The Agriculture and Horticulture Development Board (AHDB) plans to axe a number of senior management staff as part of efforts to reduce costs by £7.8 million.
The UK farm levy body has also unveiled plans to let levy-paying farmers and agricultural businesses vote on the future direction of its activities in spring next year.
It said the bulk of the £7.8m reduction in its annual staff and overheads budget of £29m – accounting for around £6m – would come from the wind-down of its horticulture and potato sector operations.
This follows votes earlier this year on the future of a statutory levy for the potato and horticulture sectors – 66.4% of potato businesses voted to stop their levy, while 61% of horticulture business backed ending their theirs too.
AHDB has previously said the closure of both sector divisions will result in the loss of up to 140 jobs, and the organisation said its latest cost-cutting measures will be implemented over the next two years.
The other savings will come from a number of changes including a 30% reduction in the number of senior managers working at the organisation from 20 to 14.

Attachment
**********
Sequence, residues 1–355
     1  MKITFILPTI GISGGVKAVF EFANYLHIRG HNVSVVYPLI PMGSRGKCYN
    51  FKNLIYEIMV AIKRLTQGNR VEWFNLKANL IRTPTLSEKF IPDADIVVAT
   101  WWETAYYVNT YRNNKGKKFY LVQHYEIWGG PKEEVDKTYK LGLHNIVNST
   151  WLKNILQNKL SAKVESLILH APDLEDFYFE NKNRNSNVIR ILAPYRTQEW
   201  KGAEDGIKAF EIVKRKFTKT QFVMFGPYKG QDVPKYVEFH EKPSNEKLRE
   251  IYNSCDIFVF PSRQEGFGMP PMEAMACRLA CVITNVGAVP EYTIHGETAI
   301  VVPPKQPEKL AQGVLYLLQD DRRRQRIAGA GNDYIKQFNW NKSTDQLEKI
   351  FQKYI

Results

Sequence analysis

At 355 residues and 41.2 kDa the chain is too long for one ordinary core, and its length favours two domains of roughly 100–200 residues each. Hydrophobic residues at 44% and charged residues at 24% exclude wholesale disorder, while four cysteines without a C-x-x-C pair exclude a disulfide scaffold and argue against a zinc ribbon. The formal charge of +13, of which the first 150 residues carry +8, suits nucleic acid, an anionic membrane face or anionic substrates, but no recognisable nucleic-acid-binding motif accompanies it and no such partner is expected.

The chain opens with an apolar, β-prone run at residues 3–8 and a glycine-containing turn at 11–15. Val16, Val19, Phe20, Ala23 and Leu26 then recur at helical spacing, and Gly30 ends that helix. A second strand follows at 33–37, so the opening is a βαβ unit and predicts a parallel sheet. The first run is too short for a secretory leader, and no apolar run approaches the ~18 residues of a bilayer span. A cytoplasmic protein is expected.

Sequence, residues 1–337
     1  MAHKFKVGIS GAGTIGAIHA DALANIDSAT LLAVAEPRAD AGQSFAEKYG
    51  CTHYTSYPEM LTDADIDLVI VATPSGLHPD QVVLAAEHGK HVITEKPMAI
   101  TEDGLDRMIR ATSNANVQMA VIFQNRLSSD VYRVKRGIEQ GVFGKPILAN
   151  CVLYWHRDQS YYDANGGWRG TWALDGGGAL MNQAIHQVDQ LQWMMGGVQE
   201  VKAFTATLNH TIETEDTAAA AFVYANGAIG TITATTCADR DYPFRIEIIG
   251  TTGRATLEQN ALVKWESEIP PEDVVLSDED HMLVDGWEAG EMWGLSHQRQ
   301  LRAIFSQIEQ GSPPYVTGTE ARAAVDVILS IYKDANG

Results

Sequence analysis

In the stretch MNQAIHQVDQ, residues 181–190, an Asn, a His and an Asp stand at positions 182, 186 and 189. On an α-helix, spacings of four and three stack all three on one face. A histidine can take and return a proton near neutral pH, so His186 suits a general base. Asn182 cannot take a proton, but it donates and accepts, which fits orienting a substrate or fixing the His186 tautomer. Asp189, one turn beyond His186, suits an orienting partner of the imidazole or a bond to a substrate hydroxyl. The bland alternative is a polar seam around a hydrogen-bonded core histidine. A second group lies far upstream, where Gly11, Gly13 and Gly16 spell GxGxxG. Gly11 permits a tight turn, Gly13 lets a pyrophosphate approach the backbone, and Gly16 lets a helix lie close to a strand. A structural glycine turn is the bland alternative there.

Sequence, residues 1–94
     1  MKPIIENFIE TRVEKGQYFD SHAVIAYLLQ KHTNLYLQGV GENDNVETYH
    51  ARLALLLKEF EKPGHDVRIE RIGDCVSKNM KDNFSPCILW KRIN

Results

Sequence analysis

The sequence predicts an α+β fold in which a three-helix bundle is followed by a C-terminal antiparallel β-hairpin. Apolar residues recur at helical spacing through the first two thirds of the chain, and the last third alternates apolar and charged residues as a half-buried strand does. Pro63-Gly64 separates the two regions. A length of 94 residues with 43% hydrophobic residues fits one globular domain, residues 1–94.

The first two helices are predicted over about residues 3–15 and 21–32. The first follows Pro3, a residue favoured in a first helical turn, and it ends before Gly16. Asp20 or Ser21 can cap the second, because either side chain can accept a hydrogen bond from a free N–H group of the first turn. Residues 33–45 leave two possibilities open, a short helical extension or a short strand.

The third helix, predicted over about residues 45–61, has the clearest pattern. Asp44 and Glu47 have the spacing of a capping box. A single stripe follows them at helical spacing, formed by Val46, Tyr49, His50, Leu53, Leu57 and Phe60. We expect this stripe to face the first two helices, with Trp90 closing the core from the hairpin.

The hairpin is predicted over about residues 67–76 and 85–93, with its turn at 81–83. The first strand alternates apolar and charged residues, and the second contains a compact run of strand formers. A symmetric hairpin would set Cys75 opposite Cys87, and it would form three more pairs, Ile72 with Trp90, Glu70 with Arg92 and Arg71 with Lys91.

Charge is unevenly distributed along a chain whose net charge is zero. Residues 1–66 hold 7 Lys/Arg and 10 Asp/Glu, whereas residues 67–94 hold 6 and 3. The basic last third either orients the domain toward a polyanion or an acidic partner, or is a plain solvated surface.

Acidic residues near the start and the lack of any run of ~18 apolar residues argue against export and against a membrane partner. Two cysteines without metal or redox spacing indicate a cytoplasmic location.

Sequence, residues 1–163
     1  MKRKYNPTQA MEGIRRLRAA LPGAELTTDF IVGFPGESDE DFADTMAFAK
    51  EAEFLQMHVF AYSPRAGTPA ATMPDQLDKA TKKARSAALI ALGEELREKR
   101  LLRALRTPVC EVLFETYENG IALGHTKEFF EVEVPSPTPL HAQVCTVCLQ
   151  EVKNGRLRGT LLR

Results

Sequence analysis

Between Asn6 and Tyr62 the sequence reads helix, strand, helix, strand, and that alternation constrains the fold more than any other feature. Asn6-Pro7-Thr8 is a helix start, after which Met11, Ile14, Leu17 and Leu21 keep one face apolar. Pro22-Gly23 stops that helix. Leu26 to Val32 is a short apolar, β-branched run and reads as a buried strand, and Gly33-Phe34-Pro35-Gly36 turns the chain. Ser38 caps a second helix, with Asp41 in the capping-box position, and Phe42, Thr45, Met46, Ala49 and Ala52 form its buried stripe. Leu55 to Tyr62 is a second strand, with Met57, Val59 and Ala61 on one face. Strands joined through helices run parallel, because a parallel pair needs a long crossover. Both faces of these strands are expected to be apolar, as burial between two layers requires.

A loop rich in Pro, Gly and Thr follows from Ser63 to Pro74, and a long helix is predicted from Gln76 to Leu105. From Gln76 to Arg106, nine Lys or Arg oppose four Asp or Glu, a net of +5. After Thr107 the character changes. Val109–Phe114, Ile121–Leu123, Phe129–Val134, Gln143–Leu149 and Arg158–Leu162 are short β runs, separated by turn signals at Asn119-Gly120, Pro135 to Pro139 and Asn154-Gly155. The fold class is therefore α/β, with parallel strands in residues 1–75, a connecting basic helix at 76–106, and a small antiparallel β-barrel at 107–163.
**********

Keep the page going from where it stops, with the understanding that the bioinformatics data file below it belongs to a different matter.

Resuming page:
AHDB chairman, Nicholas Saphir, said a staff restructure had already started and chief strategy officer Will Jackson was now the divisional director for engagement, while interim chief executive officer Ken Boynes is the new divisional director for services.
“This new structure puts a clear focus on day-to-day delivery across all our knowledge exchange, technical, market intelligence, exports and marketing work,” said Mr Saphir.
“At the same time there will be absolute focus on levy payer engagement and involvement in planning sector priorities and programmes.”
He said the revised senior management team will be in place at the beginning of September ahead of the arrival of the new AHDB chief executive Tim Rycroft.
“With our new team now taking shape, this autumn we will be ready to unveil fundamental changes to the way levy payers can have a better say regarding what we provide, including the introduction of regular votes on a wide range of services and delivery,” added Mr Saphir.
“We will be asking levy payers to register to vote this autumn, prior to having their say on those topics in spring 2022.”
AHDB interim chief executive officer, Ken Boyns, said the organisation was also reviewing the office provision at its headquarters in Stoneleigh, Warwickshire.
He said: “As part of a further phase of savings in 2022/23 we have identified the opportunity of subletting part of our Stoneleigh HQ.
“The reduction in work for potatoes and horticulture, combined with the last 18 months proving we can deliver effectively without all staff in the office five days a week, means we do not need as much office space.”